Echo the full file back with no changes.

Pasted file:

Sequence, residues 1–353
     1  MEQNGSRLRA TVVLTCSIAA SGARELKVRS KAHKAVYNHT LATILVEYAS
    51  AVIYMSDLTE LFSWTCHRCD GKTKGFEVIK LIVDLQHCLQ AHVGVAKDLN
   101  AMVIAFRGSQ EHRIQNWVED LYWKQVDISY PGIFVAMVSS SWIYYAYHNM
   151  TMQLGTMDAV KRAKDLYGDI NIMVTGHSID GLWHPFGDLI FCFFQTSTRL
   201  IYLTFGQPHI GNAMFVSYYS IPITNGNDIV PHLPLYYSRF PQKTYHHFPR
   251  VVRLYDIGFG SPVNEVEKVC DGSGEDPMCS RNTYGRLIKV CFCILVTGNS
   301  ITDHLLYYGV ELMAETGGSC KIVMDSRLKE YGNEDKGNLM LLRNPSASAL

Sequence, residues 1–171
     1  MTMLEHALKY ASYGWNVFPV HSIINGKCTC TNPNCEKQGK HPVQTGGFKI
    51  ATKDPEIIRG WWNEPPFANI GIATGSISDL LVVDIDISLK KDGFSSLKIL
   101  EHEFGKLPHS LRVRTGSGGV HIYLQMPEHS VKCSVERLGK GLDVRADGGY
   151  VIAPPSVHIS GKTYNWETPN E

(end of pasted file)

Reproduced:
Sequence, residues 1–353
     1  MEQNGSRLRA TVVLTCSIAA SGARELKVRS KAHKAVYNHT LATILVEYAS
    51  AVIYMSDLTE LFSWTCHRCD GKTKGFEVIK LIVDLQHCLQ AHVGVAKDLN
   101  AMVIAFRGSQ EHRIQNWVED LYWKQVDISY PGIFVAMVSS SWIYYAYHNM
   151  TMQLGTMDAV KRAKDLYGDI NIMVTGHSID GLWHPFGDLI FCFFQTSTRL
   201  IYLTFGQPHI GNAMFVSYYS IPITNGNDIV PHLPLYYSRF PQKTYHHFPR
   251  VVRLYDIGFG SPVNEVEKVC DGSGEDPMCS RNTYGRLIKV CFCILVTGNS
   301  ITDHLLYYGV ELMAETGGSC KIVMDSRLKE YGNEDKGNLM LLRNPSASAL

Sequence, residues 1–171
     1  MTMLEHALKY ASYGWNVFPV HSIINGKCTC TNPNCEKQGK HPVQTGGFKI
    51  ATKDPEIIRG WWNEPPFANI GIATGSISDL LVVDIDISLK KDGFSSLKIL
   101  EHEFGKLPHS LRVRTGSGGV HIYLQMPEHS VKCSVERLGK GLDVRADGGY
   151  VIAPPSVHIS GKTYNWETPN E